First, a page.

The Ontario Liberals are privatizing your public transit,
but there’s still time to stop them and Keep Transit Public!

How is this happening?

Metrolinx – the provincial transit planning organization – is working with the City of Toronto and the TTC to build several new LRT projects in the area. This is great and we applaud them.

What you may not realize is that your public transit company, The Toronto Transit Commission, will operate the new LRT, but a private company will maintain it. With its long, proud history of maintaining street rail, Toronto is best placed to keep those well-paid, union jobs in the public realm. Yet Metrolinx and the province are pursuing an aggressive agenda of privatization.

What gives?

Transit works best when it is publicly owned, operated and maintained. We’ve seen so many examples from around Canada and the world of what happens when private companies are left to maintain public transit. They try to squeeze profits any way they can by raising fares, reducing service and cutting corners on maintenance. Private transit has proven to be more costly and less safe.

In other Municipalities around the GTA, Like Waterloo, Hamilton, and Mississauga, Metrolinx has sought almost exclusively to hire a consortia of companies to Finance, Design, Build, Operate and Maintain. (FDBOM).

Because public transit companies don’t Finance, Design or Build, they are ineligible to compete in the tendering process, and are out of the running to Operate and Maintain new transit. This effectively means that only large groups of private companies may even bid on these projects. The current procurement process leaves the door open to all new transit in Ontario being entirely privatized.

However, IT’S NOT TOO LATE. If you take action now, we can pressure Metrolinx and the Provincial Liberal Government to make the TTC the default maintenance provider of any new transit projects that get built in our city.

What you can do:

1. Sign the Petition
Signing the petition will automatically send emails to all MPPs and confirmed candidates in Toronto, as well as Metrolinx, the Ministry of Transportation, Infrastructure Ontario, and Premier Wynne’s office.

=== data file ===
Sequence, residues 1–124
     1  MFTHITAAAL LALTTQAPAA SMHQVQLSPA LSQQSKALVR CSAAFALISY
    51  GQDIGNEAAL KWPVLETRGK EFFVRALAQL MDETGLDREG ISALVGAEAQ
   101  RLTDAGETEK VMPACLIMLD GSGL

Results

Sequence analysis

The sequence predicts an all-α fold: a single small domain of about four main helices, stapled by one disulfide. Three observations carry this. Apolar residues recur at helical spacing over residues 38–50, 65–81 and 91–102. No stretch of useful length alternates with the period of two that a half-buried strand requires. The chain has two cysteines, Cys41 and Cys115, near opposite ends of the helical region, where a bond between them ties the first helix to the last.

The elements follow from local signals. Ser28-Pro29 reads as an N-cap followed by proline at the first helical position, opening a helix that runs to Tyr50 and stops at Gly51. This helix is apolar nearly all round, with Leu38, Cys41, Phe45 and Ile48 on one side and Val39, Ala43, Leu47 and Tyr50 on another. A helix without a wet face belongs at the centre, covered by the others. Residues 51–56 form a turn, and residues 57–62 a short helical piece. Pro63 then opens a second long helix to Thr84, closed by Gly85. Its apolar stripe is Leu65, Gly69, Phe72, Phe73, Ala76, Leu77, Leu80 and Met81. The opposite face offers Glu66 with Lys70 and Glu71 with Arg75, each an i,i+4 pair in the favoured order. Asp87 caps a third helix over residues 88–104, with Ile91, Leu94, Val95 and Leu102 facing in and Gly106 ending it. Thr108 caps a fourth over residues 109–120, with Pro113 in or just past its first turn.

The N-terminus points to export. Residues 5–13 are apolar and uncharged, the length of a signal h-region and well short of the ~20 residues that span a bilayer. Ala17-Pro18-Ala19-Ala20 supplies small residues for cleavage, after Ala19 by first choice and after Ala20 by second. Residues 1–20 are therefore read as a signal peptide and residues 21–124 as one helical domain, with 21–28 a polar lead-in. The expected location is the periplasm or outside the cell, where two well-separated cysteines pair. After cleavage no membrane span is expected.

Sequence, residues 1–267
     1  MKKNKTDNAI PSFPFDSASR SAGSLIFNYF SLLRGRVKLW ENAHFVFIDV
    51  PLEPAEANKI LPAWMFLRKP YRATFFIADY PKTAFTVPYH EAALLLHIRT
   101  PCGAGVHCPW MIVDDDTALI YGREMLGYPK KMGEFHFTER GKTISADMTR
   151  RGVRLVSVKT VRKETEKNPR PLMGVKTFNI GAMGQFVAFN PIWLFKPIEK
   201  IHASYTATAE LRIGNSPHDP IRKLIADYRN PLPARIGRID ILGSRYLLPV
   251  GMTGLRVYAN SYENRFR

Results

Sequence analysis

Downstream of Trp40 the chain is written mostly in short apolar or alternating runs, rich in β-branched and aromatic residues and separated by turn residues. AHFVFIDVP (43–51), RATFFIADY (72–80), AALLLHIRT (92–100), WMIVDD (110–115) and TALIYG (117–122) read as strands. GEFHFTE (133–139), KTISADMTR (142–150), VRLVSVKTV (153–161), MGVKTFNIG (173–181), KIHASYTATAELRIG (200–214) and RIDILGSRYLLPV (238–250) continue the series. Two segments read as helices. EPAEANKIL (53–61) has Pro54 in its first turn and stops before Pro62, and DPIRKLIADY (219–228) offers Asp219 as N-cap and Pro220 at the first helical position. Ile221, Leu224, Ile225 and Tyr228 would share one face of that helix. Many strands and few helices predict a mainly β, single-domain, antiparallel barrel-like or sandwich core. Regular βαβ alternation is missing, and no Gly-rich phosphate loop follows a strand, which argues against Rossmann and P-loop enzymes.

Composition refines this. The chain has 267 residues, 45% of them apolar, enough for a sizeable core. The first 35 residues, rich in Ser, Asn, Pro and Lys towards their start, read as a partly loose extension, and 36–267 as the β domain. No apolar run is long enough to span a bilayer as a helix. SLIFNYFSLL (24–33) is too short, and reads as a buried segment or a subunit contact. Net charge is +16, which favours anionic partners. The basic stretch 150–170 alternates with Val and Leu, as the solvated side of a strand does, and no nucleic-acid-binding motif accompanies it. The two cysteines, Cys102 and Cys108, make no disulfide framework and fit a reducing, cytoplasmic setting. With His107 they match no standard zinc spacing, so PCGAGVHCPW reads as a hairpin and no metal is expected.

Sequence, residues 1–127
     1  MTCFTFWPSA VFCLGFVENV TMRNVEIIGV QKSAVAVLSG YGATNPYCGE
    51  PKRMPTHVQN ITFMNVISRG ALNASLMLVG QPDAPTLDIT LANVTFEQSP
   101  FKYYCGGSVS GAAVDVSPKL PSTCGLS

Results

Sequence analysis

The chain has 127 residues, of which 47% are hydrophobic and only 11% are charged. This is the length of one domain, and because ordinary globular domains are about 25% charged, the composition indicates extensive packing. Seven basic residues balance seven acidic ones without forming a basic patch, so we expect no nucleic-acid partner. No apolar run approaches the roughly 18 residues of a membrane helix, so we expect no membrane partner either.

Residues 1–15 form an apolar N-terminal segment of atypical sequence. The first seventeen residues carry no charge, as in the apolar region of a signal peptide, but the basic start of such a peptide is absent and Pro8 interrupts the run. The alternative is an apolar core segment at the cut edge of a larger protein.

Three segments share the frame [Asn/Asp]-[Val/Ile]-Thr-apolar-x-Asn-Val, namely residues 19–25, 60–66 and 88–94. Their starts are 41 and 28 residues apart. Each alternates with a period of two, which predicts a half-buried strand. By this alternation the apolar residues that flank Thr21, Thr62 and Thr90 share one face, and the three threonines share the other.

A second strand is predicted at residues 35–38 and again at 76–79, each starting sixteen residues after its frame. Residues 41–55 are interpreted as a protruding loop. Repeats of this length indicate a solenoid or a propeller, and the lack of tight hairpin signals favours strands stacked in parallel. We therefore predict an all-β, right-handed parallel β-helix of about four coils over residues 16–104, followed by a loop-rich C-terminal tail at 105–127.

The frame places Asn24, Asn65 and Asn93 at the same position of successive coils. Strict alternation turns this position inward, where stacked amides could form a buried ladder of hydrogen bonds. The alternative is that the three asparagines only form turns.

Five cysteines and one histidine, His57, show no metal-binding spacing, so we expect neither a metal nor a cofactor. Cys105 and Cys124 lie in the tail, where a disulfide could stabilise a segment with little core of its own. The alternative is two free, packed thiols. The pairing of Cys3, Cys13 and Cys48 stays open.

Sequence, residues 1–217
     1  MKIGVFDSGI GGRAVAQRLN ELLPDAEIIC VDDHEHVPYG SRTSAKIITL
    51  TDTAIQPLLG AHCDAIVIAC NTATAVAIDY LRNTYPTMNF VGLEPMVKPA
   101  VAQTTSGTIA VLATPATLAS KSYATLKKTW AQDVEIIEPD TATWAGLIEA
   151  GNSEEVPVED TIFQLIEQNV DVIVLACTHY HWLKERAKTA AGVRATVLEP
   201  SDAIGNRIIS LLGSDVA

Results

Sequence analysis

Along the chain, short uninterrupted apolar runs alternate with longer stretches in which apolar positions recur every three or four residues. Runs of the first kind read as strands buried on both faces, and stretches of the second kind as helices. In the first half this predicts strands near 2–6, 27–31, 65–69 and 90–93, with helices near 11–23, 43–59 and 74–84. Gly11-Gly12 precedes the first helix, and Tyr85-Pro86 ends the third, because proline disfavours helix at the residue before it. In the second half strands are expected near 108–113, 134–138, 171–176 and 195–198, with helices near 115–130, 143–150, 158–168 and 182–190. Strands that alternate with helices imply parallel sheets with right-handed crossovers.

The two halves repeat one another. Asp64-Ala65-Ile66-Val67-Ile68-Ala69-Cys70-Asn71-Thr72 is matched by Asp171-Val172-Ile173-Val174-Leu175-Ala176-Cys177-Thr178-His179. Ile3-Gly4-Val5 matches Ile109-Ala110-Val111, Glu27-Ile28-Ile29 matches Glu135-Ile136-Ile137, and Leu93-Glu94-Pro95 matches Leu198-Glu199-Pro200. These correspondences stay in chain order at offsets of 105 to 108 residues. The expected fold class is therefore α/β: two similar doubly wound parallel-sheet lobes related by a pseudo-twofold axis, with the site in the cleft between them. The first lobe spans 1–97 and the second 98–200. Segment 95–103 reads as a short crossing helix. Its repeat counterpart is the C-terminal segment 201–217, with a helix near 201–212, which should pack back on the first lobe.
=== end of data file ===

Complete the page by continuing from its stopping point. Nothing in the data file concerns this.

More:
2. Call your MPP
Emails are great, but phone calls carry even more weight!

Beaches East York Arthur Potts 416-690-1032
Davenport Cristina Martins 416-535-3158
Don Valley East Michael Coteau 416-494-6856
Don Valley West Kathleen O. Wynne 416-425-6777
Eglinton Lawrence Mike Colle 416-781-2395
Etobicoke Centre Yvan Baker 416-234-2800
Etobicoke Lakeshore Peter Z. Milczyn 416-259-2249
Etobicoke North Shafiq Qaadri 416-745-2859
Parkdale High Park Cheri DiNovo 416-763-5630
Pickering Scarborough East Tracy MacCharles 905-509-0336
Scarborough Agincourt Soo Wong 416-297-6568
Scarborough Centre Brad Duguid 416-615-2183
Scarborough Guildwood Mitzie Hunter 416-281-2787
Scarborough Rouge River Raymond Sung Joon Cho 416-297-5040
Scarborough Southwest Lorenzo Berardinetti 416-261-9525
St. Paul’s Eric Hoskins 416-656-0943
Toronto Centre Glen R. Murray 416-972-7683
Toronto Danforth Peter Tabuns 416-461-0223
Trinity Spadina Han Dong 416-603-9664
Willowdale David Zimmer 416-733-7878
York Centre Monte Kwinter 416-630-0080
York South Weston Laura Albanese 416-243-7984
York West Mario Sergio 416-743-7272

Sign the Petition!

Keep Transit Publically owned and operated in Toronto

Dear honourable City Councillors, MPPs, and Madam Premier

[your signature]

2,751 signatures

Share this with your friends:


Latest Signatures
2,751 Jon Heath Scar, Ont Apr 20, 2018
2,750 Sham Ally Thornhill Apr 20, 2018
2,749 Awais Amanat Oshawa, Ontario Apr 20, 2018
2,748 Andrew Yeung Toronto, Ont Apr 20, 2018
2,747 Nicholas Fedirko Courtice , Ontario Apr 20, 2018
2,746 Lisa Benjamin Ajax , On Apr 20, 2018
2,745 Istvan Vovaes Toronto Apr 20, 2018
2,744 Devon Barry Toronto Apr 20, 2018
2,743 Chris Bradshaw Toronto Apr 20, 2018
2,742 Vishanthan Kathir Pickering Apr 20, 2018
2,741 Noor Mohammad Scarborough Apr 20, 2018
2,740 Jeff Jaliquette Thornhill Apr 20, 2018
2,739 Russell Fernandes Whitby Apr 20, 2018
2,738 George Kavaras Toronto Apr 20, 2018
2,737 Paul Marshall Toronto Apr 20, 2018
2,736 Bradley Downie Ajax Apr 20, 2018
2,735 Michelle Pattison Pickering Apr 20, 2018
2,734 Beldjilali Amara Toronto Apr 20, 2018
2,733 Michael Blackburn Toronto Apr 20, 2018
2,732 Jason Santos Ajax Apr 20, 2018
2,731 Chamba Campbell Pickering Apr 20, 2018
2,730 Floyd Molina Scarborough Apr 20, 2018
2,729 Sara Simpson-Kolnik Ajax Apr 20, 2018
2,728 Tibor Fuerst Newmarket Apr 20, 2018
2,727 Richard Morris Toronto Apr 20, 2018
2,726 Zoran Markovich Oshawa Apr 20, 2018
2,725 Shane Molto Pickering Apr 19, 2018
2,724 Kwang Kim Richmond Hill Apr 19, 2018
2,723 John Leung Scarborough Apr 19, 2018
2,722 Glenroy Als Toronto Apr 19, 2018
2,721 Andrew Ruckstuhl Toronto Apr 19, 2018
2,720 Anne Richie Oshawa Apr 19, 2018
2,719 Emma Bonilla Scarborough Apr 19, 2018
2,718 Sharon Casey Ajax Apr 19, 2018
2,717 Efren Cristobal Scarborough Apr 19, 2018
2,716 Trevor Humphrey Pickering Apr 19, 2018
2,715 Nizam Khan Toronto Apr 19, 2018
2,714 Brian Roberts Pickering Apr 19, 2018
2,713 Nathanial Canning Ajax Apr 19, 2018
2,712 Tim Cullen Scarborough Apr 19, 2018
2,711 Sergey Muratov Whitby Apr 19, 2018
2,710 Andrè Riddell Scarborough Apr 19, 2018
2,709 Ira Smith Toronto Apr 19, 2018
2,708 Randall Rameral Oshawa Apr 19, 2018